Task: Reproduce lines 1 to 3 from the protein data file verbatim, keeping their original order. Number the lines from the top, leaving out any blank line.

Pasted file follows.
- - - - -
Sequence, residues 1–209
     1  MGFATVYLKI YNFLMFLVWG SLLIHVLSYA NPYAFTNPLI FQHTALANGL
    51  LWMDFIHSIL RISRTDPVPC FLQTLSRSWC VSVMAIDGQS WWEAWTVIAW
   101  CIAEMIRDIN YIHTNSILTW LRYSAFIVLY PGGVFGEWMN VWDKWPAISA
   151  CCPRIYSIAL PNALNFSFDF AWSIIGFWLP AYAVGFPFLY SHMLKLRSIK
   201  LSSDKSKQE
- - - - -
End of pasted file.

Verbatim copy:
Sequence, residues 1–209
     1  MGFATVYLKI YNFLMFLVWG SLLIHVLSYA NPYAFTNPLI FQHTALANGL
    51  LWMDFIHSIL RISRTDPVPC FLQTLSRSWC VSVMAIDGQS WWEAWTVIAW